I first heard the term,'procrastiwork' from a 2nd year student during my first year in the graduate program in Science and Technology Studies at Rensselaer. 'What's that?" I asked Gareth, ever so innocently. Since then, I have become intimately familiar with the word. Especially now that I have some deadlines for my dissertation writing coming up. Let me try and catalog all of the ways that I have WORKED HARD on NOT writing my dissertation in the last ten days:
I just read chapter 3 of Kyle Siler's dissertation, entitled “Nascent Institutional Strategy in Dynamic Fields: The Diffusion of Social Studies of Science”. Apparently it has been accepted in the American Behavioral Scientist journal which is wonderful news for Siler, and thankfully he has been kind enough to put up an earlier draft on his personal webpage.
Regardless of some limitations (see my comments below), his quantitative data is interesting. It appears that, at the present time, more U.S. science and technology studies scholars are affiliated with (in the following order): (1) general academic/ interdisciplinary departments; (2) sociology departments; (3) science and technology studies departments; (4) history departments.
The Future of Innovation Studies in Less Economically Developed Countries Published Online at Minerva
The online version of my co-authored article in Minerva (a science, education and policy journal) with Thomas S. Woodson is currently available from Springer publishing. The unofficial draft copy is available for free on my website. I am excited about my first STS-y publication, and invite feedback from anyone who is interested in providing it.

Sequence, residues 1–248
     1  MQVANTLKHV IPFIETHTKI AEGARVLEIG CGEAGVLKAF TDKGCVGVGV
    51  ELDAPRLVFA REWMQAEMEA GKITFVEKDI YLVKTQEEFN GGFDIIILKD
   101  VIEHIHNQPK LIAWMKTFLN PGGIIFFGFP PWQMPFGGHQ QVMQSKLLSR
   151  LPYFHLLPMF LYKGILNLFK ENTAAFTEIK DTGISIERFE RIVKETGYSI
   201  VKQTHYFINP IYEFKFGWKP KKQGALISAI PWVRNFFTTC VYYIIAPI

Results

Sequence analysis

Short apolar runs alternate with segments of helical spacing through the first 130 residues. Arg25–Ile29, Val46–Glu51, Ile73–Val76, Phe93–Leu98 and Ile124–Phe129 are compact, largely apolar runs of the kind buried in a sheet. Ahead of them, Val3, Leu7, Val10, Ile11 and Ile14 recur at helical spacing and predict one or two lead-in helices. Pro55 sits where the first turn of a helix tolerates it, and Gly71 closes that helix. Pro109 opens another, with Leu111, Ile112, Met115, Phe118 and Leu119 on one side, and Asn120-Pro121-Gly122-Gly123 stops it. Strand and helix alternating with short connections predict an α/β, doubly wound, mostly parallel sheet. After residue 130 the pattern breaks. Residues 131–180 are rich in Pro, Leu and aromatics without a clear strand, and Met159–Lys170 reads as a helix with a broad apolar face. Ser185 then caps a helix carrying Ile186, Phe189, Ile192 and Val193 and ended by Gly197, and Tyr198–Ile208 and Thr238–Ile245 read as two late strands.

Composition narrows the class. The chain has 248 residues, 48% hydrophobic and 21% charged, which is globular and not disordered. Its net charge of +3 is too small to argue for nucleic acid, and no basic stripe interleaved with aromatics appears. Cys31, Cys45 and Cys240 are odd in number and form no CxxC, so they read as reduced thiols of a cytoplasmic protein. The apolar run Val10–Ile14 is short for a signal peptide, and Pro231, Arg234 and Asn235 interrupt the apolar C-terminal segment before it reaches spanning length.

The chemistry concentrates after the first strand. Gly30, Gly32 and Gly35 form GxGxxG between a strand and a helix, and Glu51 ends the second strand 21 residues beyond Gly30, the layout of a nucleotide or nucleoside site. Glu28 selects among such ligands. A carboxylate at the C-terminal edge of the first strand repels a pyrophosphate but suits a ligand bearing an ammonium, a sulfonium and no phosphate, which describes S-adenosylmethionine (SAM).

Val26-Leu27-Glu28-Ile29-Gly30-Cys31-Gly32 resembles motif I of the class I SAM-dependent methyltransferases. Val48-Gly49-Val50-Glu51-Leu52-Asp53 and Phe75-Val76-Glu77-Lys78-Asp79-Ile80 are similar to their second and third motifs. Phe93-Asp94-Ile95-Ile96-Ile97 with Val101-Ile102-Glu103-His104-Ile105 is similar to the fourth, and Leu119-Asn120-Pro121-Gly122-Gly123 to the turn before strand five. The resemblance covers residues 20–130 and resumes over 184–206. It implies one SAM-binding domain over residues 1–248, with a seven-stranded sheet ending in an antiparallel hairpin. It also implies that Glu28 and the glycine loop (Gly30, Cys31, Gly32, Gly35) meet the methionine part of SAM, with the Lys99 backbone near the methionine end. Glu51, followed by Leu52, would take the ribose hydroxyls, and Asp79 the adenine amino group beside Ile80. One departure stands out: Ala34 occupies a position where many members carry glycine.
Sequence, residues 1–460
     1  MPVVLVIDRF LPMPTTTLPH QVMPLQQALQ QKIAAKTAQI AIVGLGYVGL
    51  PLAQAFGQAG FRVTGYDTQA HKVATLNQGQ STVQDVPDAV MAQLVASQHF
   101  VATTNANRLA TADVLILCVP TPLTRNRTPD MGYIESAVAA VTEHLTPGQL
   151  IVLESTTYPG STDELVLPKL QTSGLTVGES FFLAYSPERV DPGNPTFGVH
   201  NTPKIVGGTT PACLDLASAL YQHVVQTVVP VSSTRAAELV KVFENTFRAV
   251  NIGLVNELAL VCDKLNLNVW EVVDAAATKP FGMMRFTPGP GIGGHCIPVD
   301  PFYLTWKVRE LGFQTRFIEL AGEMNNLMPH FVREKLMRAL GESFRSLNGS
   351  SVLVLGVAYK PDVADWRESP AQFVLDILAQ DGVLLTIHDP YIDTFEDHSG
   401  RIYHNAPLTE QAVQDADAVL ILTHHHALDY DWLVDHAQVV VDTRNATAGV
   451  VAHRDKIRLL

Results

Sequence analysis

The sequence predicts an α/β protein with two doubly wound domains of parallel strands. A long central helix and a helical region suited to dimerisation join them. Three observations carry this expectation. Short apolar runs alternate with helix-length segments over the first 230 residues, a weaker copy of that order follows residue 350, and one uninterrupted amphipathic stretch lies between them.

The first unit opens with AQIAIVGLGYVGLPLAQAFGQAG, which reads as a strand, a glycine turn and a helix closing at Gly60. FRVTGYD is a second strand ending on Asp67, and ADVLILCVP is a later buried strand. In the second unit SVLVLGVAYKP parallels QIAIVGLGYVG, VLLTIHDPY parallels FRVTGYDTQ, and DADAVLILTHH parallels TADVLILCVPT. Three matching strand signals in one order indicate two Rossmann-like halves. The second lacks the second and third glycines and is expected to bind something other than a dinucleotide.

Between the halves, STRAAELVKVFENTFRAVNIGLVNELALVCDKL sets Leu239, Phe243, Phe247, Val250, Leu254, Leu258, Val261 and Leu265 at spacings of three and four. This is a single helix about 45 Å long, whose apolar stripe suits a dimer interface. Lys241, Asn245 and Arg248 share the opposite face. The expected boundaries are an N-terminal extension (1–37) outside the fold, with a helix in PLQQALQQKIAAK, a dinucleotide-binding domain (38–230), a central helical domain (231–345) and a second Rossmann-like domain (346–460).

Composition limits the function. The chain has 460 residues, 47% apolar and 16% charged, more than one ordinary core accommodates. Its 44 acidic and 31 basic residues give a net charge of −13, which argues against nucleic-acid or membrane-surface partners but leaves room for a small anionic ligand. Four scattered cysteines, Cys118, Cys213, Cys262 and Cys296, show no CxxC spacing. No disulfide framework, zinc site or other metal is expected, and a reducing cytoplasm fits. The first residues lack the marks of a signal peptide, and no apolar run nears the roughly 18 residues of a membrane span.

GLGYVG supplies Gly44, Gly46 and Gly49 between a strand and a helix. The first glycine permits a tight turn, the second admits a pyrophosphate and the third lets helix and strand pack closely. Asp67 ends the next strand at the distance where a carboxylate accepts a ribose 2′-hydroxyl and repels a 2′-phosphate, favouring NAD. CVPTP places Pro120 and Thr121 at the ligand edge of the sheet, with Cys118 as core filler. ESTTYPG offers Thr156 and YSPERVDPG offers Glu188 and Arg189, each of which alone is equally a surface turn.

I have just returned from Woods Hole, Massachusetts near Martha's Vineyard, where I participated in a four day workshop run by Peter Taylor (UMASS-Boston). In the New England Workshop on Science and Social Change, I learned several activities that can help bring about open spaces for dialogue, creative exploration of ideas, and collaborative planning, with the potential of inclusion and empowerment of many diverse participants. I believe that we all came away thinking the experience was very positive. While I found the experience to be very emotionally charged, and thus 'risky', I am also coming back from it excited about the tools that we used and how effective they seemed. I am interested in the potential of such tools as: autobiographical introductions, free-writing, theatre therapy, figure/ground diagramming, narrative therapy, etc. to name a few.
I hope to use such tools to encourage critical thinking among engineering undergraduate students, especially mechanical engineers.
Logan primarily uses this blog to: reflect on policy and professionalization issues in STS (e.g. research funding, discipline formation, skill building, job-hunting, policy applications of STS theory) and to disseminate her own scholarship.
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